Tag Archives: Chicken

Smoked Chicken Bacon Cheesy Fajita Wrap

Imitation is the sincerest form of flattery.

A few weeks back, the St. Louis Post-Dispatch reported that SugarFire Smokehouse had placed in Memphis In May for some kind of smoked chicken bacon cheesy sushi dish. I gave it a shot a couple weeks ago on vacation as an appetizer for our fajita night, and we were met with rave reviews.

The wife told me to “take it easy” and “not go crazy” on the BBQ this 4th of July, so I made fresh salsa, grilled a bunch of gourmet sausages, and made the smoked chicken bacon cheesy fajita wrap for my extended family.

Step one is the bacon weave, this time a full pound of Tyson pork bacon (since it was on an insane sale of $2.99 for a 1 lb. pack), hosting at its center a pounded-flat boneless skinless chicken breast (this one being a little over 1o ounces).

Bacon weave and flattened chicken breast

Bacon weave and flattened chicken breast

On that went a washed, seeded, and thinly sliced Anaheim pepper, and a quarter of a sweet yellow (Vidalia) onion, cut into liberal long slices.

Peppers and onions round out a fajita

Peppers and onions round out a fajita

And on top of all THAT went some pulled mozzarella string cheese (two sticks) and a couple slices of pepper jack. I didn’t want too much heat, since a variety of people would be eating this – including a couple people who aren’t down with the hot peppers.

Cheesy does it

Cheesy does it

When wrapping this contraption, I pulled the bacon edges nearest to me into the center of the cheese slices and then rolled the whole thing forward. This may allow the cheese to slide around two sides of the bacon.

I didn’t bother closing up the edges since they went so far beyond the ends of the chicken and other contents.

Wrapped and ready for smoke

Wrapped and ready for smoke

My weave / wrap went onto a Weber 22″ set up for indirect smoking with large hickory chunks.

Time to drink some beers

Time to drink some beers

While this smoked, I drank some amazing beers that I muled back from Florida. That we can buy neither Oskar Blues nor Dogfish Head in St. Louis is ridiculous.

After 45 minutes, I rolled it over. After barely over an hour, it was fully smoked. Importantly, the digital temperature probe read well over 165 in all locations that I tested. It’s ready to rest.

OMG that looks nice

OMG that looks nice

After about 10 minutes of resting, I sliced it at an angle and rang the appetizer bell.

The middle pieces are nice, but the ends are excellent

The middle pieces are nice, but the ends are excellent

Cleaning up the scraps of smoked crispy bacon was hard work. I barely hat time to get pictures.

If you make this, here’s a tip: In addition to getting a center piece, make sure you also get one of the ends. It’s more bacony than cheesy, and it’s gluttonous.

The meats of my labor

The meats of my labor

Everyone who had it loved it, and I offer my sincere thanks to SugarFire for inspiring this slight variation on their idea. Make this – you’ll not regret it.

I hope you had a wonderful and save Independence Day, full of beers, meat, family, and fireworks.

Happy 4th from Webster Groves

Happy 4th from Webster Groves

Advertisements
Tagged , , , , , , ,

Smoked Chicken Wings

Santy Claus brought me a new BBQ cookbook and I need to show up at a neighbor dinner with appetizers.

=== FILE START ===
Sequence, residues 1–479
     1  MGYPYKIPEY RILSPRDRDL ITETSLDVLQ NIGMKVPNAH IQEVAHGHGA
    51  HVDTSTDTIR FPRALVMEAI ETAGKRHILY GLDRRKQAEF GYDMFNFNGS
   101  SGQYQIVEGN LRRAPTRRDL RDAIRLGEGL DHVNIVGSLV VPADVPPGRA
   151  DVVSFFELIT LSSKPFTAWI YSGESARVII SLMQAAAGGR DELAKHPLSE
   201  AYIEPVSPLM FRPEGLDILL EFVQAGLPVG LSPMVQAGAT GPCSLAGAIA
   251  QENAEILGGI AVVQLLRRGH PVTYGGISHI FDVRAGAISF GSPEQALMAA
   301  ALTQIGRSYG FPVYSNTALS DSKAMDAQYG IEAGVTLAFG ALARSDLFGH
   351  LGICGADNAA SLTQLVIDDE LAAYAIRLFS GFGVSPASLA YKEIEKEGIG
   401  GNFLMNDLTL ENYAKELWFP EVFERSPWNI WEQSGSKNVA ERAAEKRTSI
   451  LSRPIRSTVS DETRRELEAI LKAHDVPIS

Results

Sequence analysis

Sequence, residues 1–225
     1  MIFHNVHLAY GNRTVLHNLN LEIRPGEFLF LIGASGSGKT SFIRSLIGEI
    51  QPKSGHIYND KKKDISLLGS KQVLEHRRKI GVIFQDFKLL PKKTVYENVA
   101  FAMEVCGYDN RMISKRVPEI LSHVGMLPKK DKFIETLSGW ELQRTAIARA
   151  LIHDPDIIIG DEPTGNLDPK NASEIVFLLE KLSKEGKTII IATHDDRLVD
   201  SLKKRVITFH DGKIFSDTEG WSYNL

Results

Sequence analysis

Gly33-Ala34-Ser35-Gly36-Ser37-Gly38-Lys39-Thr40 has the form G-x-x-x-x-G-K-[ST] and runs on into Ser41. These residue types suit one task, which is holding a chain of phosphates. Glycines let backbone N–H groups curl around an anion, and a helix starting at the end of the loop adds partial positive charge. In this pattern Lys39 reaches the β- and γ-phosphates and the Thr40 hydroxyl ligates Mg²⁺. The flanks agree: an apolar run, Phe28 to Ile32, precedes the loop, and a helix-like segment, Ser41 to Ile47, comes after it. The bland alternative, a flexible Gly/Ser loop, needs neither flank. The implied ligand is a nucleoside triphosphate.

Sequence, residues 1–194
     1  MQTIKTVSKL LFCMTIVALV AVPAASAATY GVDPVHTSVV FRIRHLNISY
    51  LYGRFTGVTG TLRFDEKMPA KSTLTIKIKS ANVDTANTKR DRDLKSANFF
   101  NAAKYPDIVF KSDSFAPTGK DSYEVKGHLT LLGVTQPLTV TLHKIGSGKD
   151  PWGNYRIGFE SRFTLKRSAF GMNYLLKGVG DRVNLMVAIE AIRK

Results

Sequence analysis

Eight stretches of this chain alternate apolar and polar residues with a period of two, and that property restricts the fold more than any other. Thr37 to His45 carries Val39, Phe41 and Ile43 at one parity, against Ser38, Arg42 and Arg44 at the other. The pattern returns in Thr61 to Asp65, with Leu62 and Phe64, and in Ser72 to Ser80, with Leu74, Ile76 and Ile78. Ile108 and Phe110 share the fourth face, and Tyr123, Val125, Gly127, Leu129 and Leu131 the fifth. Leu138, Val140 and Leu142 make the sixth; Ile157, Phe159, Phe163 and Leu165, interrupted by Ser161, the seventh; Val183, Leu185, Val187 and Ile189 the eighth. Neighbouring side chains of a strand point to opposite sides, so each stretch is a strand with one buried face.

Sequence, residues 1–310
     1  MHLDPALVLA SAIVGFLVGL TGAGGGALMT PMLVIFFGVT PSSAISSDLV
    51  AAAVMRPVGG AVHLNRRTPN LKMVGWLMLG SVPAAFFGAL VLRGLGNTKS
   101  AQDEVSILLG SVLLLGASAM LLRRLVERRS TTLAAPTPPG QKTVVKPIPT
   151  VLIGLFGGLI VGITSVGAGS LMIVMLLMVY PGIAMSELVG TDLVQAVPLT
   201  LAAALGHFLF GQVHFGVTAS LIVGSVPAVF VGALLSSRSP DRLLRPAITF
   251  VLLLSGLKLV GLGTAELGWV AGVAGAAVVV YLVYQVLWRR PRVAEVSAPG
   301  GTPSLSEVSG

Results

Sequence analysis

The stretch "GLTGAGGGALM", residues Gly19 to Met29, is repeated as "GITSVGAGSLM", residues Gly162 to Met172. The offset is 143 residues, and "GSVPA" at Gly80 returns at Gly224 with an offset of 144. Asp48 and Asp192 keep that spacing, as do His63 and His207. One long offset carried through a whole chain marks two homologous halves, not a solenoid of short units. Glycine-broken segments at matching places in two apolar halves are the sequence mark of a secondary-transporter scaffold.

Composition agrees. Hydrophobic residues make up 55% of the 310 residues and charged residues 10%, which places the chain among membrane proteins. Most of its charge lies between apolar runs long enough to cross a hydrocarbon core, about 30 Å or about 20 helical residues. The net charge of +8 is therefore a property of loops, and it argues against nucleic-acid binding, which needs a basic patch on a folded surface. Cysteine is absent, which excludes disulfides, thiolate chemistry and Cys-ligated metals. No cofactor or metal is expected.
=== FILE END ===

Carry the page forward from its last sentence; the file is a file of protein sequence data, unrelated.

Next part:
Important news

Important news

How about some smoked chicken wings? Easy yum yums.

Everybody likes chicken

Everybody likes chicken

I rigged my UDS for smoking at 200 with about 2/3 a coal chimney’s worth of charcoal. Atop that hot mess I added a mix of hickory chunks and cherry chips with the intent to leave it alone for about 1 & 1/2 to 2 hours.

Who wants wingy wingy?

Who wants wingy wingy?

I figured that kiddos might prefer the drumettes while the adults can negotiate the entire three part wing. I let the whole batch smoke for about 1 hour 45 minutes, all 5+ lbs.

Smoke!

Thoroughly smoked

I got some badass color on these wings, with a single batch of charcoal and wood fuel. The UDS, quite well made if I say so, got up to about 200 degrees and didn’t need a lick of attention while I drank some beers and watched bad reruns on tv.

Two sauces were made: Traditional hot wing sauce comprising a stick of butter and oodles of Frank’s Red Hot Sauce, and Honey BBQ sauce comprising a bunch of Sweet Baby Ray’s, a ton of honey, another stick of butter, and a couple dashes of Frank’s.

I tried to roll the wings in butter and flour to fry them, but that failed, since I don’t own a cast iron skillet for frying. Instead, I dropped all the smoked wings into about 3/4″ of hot vegetable oil to fry the skin. From the frying pan, each wing went into a warm foil pan of sauce. Drumettes into honey BBQ and the full wings into the Frank’s sauce.

Hot wings!

Hot wings!

Honey BBQ!

Honey BBQ!

Super thrilling to me was seeing my son’s 7 year old friend crushing the honey BBQ wings. They were really good, with a deep smoky taste and a nice tenderness. Those hot wings grow on you, or so I was told. Truly, they were tasty wings with a nice finish and bite.

In the end, the minimal effort resulted in two kinds of tasty wings full of deep smoke flavor, moisture, and tenderness. Each well-incorporated the richness of their respective sauces. Delicious poultry that everyone enjoyed.

Pro Tip Epilogue:

I received a text from someone with far more BBQ wing experience. Smoked chicken wings don’t like to stick to sauce, unless you augment the sauce with some brown sugar. That explains why the honey BBQ sauce coated the wings well, and why the hot sauce slicked off their respective wings. In the future, add brown sugar for stickiness and perhaps some vinegar to keep the heat when doing hot smoked chicken wings.